A Pause On Traditions

Covid-19 obstructs religious observances around the world



clipart of a mosque at night time

With Covid-19 spreading quickly and affecting the world drastically, the upcoming weeks bring religious observances for people all around the world that won’t be celebrated the same in the past.

Easter is the holiday celebrating the resurrection of Jesus from the dead, according to crosswalk.com. Easter was on April 12, 2020 this year. Prior to the arrival of Easter, many Christians observe the practice of lent, a 40-day celebration in which Christians must sacrifice something they enjoy to replicate Jesus Christ’s sacrifice and withdrawal into the desert, according to bbc.co.uk.

For sophomore Sarah Finnegan, Lent and Easter does not feel the same without her family’s yearly traditions.

“Covid-19 has affected my family and I’s easter traditions because usually we get to see all of our extended family and go to church mass, but this year we did an online Zoom call to still feel connected,” Finnegan said. “It was very hard to not be able to see my family but my immediate family and I made the best out of a hard time.”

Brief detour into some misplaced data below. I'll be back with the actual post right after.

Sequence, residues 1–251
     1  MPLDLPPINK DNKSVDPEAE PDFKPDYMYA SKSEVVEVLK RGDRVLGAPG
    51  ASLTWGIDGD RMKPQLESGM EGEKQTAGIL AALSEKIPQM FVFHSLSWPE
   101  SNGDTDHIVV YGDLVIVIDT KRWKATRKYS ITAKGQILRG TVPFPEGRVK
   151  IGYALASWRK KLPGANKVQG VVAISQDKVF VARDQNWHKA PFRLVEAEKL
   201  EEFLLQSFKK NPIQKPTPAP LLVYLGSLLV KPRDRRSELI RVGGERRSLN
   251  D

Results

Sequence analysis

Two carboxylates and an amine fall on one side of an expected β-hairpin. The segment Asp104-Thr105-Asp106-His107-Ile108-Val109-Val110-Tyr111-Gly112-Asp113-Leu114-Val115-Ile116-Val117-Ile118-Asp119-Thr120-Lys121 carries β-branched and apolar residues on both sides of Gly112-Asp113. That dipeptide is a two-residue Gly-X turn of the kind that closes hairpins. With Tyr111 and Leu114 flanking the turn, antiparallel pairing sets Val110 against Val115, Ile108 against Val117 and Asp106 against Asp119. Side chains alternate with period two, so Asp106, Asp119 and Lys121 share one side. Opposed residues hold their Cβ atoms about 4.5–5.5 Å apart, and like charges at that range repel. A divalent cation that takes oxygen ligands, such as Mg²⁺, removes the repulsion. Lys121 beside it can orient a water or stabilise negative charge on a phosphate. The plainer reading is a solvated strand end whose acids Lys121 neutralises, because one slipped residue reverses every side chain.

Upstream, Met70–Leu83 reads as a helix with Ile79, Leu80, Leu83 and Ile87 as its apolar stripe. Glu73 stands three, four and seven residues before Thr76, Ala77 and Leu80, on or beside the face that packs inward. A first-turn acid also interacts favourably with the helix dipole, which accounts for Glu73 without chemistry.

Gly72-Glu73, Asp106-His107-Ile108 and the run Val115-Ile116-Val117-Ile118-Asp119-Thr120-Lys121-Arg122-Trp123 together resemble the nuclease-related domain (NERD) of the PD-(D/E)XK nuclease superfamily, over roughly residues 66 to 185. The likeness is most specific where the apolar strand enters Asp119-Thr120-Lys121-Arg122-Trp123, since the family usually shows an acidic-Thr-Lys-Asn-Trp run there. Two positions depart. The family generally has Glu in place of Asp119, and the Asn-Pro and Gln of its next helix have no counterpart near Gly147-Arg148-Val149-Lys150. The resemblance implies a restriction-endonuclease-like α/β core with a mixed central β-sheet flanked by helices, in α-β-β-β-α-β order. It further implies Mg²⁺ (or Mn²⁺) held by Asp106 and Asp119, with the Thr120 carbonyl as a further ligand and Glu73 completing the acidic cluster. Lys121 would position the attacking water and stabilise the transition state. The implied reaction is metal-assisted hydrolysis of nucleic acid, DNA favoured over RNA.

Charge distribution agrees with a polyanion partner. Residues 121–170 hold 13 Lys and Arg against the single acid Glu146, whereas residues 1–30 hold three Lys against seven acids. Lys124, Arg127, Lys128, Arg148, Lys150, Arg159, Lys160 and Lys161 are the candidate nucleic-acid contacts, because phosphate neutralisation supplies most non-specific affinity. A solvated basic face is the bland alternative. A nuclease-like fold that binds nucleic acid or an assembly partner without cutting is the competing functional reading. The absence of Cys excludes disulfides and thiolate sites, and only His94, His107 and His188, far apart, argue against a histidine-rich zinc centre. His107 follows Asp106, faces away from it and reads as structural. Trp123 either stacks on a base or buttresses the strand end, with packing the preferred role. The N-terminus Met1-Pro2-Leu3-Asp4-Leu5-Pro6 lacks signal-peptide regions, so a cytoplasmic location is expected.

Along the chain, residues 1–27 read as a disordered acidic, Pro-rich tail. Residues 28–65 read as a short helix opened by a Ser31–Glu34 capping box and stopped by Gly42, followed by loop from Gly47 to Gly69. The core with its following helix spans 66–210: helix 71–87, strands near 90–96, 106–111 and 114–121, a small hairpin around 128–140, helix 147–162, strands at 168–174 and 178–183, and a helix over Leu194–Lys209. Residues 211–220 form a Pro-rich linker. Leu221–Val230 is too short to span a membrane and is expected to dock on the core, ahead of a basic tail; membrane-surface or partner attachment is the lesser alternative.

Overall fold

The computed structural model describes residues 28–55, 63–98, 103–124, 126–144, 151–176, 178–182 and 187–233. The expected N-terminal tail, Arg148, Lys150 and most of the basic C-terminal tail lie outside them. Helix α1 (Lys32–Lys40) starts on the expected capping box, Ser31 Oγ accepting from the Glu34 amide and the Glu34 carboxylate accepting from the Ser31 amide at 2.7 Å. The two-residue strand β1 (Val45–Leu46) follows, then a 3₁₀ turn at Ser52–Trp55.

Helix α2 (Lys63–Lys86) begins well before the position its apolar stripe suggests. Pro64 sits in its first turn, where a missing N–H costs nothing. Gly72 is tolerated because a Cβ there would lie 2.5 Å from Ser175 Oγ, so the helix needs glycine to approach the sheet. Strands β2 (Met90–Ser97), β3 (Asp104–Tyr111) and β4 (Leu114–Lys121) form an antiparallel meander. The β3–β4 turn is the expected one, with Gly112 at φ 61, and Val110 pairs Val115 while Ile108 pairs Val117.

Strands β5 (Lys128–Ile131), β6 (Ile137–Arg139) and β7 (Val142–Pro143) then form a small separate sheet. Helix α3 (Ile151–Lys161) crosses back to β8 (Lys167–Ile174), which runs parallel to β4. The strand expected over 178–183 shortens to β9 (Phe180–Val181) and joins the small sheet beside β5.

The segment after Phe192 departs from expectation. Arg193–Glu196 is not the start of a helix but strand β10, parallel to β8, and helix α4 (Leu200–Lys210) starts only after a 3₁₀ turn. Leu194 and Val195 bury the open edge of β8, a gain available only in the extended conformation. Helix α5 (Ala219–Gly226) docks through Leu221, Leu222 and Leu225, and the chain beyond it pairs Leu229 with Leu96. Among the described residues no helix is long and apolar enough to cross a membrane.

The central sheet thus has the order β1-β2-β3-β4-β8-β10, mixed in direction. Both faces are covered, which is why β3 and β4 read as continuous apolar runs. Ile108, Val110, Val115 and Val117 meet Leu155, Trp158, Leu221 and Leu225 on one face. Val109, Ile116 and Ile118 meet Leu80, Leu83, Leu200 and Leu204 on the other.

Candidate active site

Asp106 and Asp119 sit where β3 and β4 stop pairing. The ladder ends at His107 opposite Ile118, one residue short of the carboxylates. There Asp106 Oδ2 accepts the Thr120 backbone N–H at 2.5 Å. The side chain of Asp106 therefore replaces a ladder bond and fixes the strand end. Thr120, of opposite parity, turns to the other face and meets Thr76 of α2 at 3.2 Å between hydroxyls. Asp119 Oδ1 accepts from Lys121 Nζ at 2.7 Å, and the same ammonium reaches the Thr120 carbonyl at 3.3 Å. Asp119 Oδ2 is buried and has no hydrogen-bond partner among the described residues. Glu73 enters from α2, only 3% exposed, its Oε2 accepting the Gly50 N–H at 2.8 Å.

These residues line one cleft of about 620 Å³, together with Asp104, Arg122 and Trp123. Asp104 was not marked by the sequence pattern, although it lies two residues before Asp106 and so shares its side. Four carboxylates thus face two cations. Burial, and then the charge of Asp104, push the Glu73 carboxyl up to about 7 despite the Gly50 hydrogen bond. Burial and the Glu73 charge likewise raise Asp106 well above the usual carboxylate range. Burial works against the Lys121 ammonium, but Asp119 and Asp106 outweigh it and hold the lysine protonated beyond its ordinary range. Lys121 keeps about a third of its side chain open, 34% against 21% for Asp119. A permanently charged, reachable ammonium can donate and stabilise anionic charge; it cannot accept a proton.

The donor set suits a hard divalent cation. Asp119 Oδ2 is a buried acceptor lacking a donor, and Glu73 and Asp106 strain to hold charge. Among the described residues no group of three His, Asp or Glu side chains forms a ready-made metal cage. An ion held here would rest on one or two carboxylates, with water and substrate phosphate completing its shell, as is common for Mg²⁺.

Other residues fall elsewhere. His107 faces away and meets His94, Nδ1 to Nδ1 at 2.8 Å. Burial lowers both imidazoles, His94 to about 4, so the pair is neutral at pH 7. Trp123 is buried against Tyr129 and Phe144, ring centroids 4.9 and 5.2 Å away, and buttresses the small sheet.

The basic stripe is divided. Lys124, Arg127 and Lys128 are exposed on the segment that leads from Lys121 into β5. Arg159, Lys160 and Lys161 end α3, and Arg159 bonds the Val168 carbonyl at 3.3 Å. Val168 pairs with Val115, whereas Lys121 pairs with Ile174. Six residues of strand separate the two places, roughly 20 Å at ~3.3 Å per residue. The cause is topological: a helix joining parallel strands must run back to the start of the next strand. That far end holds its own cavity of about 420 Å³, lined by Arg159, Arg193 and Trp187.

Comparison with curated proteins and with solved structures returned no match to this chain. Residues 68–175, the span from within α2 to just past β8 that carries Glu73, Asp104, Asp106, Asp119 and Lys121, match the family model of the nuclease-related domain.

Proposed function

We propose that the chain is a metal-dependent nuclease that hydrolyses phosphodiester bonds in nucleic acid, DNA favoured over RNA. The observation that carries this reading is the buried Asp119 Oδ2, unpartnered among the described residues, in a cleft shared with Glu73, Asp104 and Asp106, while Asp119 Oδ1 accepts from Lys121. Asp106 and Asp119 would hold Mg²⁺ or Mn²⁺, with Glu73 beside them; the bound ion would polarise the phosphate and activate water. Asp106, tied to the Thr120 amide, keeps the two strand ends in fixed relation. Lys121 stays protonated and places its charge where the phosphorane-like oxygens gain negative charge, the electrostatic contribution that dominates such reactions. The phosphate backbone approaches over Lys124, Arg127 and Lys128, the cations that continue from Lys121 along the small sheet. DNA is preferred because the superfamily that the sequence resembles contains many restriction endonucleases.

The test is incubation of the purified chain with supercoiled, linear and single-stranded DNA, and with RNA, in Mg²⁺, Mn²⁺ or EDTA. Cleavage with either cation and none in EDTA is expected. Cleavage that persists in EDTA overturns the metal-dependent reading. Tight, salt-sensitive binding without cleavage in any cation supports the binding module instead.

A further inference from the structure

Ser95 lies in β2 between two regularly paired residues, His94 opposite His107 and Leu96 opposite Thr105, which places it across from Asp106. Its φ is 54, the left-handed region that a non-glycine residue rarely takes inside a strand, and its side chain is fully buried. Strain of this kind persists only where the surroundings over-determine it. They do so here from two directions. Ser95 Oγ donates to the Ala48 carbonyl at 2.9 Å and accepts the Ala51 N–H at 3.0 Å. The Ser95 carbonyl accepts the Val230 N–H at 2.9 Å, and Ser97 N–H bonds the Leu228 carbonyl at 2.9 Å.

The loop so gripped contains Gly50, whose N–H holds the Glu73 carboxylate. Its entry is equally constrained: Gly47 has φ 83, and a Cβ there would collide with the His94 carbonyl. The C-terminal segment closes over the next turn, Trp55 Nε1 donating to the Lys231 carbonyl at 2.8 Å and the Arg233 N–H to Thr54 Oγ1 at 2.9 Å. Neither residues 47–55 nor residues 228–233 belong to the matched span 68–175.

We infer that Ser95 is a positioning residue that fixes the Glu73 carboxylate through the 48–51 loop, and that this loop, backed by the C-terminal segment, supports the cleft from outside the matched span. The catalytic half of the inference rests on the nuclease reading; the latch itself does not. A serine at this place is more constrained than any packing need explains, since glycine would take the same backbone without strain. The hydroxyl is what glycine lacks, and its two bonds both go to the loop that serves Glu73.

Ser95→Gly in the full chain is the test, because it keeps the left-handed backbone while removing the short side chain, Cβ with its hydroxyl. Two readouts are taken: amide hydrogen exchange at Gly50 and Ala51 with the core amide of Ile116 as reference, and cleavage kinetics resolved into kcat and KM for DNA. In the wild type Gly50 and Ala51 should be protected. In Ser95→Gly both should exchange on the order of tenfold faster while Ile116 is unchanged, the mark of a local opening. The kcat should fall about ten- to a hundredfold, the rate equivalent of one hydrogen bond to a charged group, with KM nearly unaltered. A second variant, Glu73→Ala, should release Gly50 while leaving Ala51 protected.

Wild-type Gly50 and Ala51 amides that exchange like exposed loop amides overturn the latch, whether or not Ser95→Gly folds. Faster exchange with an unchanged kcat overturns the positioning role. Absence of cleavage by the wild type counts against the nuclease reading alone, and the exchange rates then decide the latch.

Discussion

Passover is the celebration for Jews to remember the Israelites fight for freedom and the awful experiences from slavery, according to marintheatre.org. During Passover, Jews are prohibited to consume any type of flour product. Passover starts April 8, 2020 and ends April 16, 2020.

Sophomore Leah Carlton and her family were prepared for Passover to be different this year with the closure of all synagogues prior to Passover this year.

“Passover this year felt different without my family,” Carlton said. “We usually have a big family seder (a ceremonial feast), but this year we did a family Zoom call to celebrate the beginning of Passover.”

For Muslims across the globe, Ramadan is significantly affected by Pilgrimage to Mecca, known as Hajj, not taking visitors due to the laws set in place for Covid-19. Hajj is one of the five pillars of Islam and is mandatory for all Muslims to visit atleast once in their lifetime. During the month of Ramadan, Muslims can not eat or drink from sunrise to sunset every day for a month. With the closure of mosques, many muslims are resulting in prayers conducted through apps like Zoom, WebEx and Facebook Live. Ramadan begins April 23, 2020 and ends on May 23, 2020.

Junior Jericho Badwan is staying positive during this hard time with the arrival of Ramadan just days away.

“Ramadan will be a little difficult this year because you won’t be able to leave your house to get your mind off being hungry until Iftar (dinner),” Badwan said. “It also will not feel the same because you can not celebrate each day with your extended family, but you have to stay positive during this hard time.”

More holidays could be affected if the spread of Covid-19 continues to spread. While there is no say on when the set quarantine laws will be ended, please stay home and social distance.